In recent years, debt collectors and collection agencies have dramatically shaped the way debt is collected and the structure of the debt collection process. They have employed more aggressive tactics by filing millions of lawsuits to force debtors to pay and to gain access to debtors' wages and bank accounts. These creditors and debt collectors use their own resources to the disadvantage of impoverished debtors. Current consumer protection laws do not protect debtors' accounts and wages from these predatory tactics, because they are outdated and out of touch with the reality that many Americans face today.
When the Consumer Credit Protection Act was passed in 1968, wage garnishment was a rare event. Now, it has become extremely commonplace and new laws must be passed to regulate this growing trend. Even if wages are not being garnished or only partially garnished, consumers bank accounts could still be fair game and subject to being wiped out, placing paychecks in a vulnerable position. Some debtors who have fallen on hard times due to layoffs, medical debt, or credit card debt can no longer afford to pay for groceries or their electric bills. Garnishment hurts the working class the most, whose income hovers around $26,000 a year. Even if debtors have borrowed responsibly, the interests rates they face make it incredibly difficult to pay back on the debt they owe. Sometimes, they are required to pay more than half of what they had originally borrowed due to high interest rates.
Creditors and debt collectors seize every opportunity they can to maximize their profits from the business of debt collection, explaining the exponential growth in lawsuits against debtors. One main issue is the lack of representation and knowledge that debtors face. In contrast to the streamlined process that creditors utilize in seeking court intervention and resources, debtors often bury their head in the sand or become overwhelmed. Even if they do show up to court, they are not represented adequately. The debtors' absence makes it easier for collectors and creditors to seize their assets. If lucky, lawyers for debt collectors will sometimes ask for continuance on cases if the debtor is taking time off to show up in court.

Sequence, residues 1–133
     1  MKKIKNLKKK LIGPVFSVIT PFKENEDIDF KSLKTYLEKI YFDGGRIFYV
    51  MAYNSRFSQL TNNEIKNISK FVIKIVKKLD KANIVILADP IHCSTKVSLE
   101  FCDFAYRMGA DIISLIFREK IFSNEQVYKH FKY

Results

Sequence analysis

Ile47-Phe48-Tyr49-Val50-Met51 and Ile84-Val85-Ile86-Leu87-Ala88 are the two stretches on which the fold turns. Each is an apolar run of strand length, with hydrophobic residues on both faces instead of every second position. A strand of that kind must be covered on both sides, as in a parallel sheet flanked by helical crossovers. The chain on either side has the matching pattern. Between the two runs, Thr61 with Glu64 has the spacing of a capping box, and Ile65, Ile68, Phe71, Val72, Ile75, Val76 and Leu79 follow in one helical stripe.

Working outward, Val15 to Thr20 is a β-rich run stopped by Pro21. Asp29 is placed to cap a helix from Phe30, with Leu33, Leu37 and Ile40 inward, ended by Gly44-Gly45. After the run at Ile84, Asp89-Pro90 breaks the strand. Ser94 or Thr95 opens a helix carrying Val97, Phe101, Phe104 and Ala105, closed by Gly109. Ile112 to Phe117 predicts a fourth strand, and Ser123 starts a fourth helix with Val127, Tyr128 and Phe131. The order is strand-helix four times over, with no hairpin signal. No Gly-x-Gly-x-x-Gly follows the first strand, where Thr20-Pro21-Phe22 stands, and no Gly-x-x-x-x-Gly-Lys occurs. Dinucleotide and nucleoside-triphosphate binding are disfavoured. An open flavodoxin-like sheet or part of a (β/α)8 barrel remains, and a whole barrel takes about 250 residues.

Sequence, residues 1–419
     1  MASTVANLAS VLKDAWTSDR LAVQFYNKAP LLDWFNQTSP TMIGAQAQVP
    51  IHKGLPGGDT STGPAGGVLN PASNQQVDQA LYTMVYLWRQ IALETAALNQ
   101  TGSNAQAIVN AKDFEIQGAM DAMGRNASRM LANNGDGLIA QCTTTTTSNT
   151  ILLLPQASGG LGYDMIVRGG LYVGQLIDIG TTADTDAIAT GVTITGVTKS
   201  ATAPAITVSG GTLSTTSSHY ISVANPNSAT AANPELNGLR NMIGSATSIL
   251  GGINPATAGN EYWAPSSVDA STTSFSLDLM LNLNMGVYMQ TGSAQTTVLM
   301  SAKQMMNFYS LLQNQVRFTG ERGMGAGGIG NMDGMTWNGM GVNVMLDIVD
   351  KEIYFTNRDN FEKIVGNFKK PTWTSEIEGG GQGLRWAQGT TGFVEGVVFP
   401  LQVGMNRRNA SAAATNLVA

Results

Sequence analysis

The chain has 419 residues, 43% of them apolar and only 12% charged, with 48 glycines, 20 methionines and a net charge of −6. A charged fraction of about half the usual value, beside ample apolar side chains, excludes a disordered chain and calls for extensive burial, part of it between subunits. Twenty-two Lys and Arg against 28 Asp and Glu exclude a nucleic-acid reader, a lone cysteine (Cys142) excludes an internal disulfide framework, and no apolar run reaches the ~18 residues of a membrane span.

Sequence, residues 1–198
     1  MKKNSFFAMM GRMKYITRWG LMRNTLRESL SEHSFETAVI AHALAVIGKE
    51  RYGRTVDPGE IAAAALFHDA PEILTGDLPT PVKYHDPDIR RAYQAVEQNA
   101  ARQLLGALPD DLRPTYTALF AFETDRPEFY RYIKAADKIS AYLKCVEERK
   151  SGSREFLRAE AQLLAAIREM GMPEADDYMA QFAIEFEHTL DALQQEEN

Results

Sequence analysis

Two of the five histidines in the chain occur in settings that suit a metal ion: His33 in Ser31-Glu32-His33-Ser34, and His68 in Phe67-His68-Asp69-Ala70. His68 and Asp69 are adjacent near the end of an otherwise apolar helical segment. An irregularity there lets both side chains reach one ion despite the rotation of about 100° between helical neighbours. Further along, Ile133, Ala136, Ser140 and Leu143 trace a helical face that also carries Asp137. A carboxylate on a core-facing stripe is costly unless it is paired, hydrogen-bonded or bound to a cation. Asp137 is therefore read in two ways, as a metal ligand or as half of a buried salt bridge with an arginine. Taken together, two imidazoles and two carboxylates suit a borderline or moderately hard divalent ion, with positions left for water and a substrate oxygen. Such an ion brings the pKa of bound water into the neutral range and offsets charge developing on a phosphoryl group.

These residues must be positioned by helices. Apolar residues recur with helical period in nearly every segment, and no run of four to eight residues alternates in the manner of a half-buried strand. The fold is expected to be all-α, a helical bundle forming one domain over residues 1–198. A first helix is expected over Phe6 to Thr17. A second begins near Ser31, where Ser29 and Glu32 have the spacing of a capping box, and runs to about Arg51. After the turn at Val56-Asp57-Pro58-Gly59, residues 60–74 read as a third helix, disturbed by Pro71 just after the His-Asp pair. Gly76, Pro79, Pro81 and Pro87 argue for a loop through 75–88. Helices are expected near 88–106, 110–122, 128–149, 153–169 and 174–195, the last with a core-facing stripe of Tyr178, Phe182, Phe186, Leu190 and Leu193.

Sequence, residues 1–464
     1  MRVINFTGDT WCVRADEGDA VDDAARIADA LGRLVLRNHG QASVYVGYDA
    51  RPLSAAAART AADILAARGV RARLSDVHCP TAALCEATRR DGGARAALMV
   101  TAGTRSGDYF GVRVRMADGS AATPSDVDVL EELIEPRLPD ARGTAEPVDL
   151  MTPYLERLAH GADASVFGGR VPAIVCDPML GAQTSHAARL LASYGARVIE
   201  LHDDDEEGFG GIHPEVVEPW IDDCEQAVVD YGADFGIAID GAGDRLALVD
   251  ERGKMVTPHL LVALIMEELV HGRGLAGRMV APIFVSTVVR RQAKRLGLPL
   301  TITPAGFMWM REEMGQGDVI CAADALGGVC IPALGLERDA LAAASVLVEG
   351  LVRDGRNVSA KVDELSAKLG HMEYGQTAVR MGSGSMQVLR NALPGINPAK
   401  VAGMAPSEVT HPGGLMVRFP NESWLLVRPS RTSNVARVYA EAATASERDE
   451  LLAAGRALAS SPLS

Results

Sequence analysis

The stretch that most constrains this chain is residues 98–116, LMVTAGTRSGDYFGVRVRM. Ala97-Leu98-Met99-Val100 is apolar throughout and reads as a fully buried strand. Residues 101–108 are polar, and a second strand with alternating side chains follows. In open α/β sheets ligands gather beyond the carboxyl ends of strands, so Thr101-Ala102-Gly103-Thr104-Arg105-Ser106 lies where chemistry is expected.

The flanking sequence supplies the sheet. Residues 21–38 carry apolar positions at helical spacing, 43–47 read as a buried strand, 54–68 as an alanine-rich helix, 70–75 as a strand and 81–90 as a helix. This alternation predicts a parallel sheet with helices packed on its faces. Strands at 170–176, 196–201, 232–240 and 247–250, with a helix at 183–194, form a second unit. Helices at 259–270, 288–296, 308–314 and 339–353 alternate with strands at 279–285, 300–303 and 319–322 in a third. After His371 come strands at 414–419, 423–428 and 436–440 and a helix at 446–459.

Many call for the revision of federal laws regulating debt collection, because they are silent on tactics collectors utilize in cleaning out debtors' bank accounts. Although some states have very comprehensive and protective measures, others do not follow suit in passing statutes that protect consumers. Even when laws are comprehensive, they can be confusing to debtors who carry the burden of figuring how to protect their assets. It is always best, to consult a lawyer about wage garnishment and bank account levies.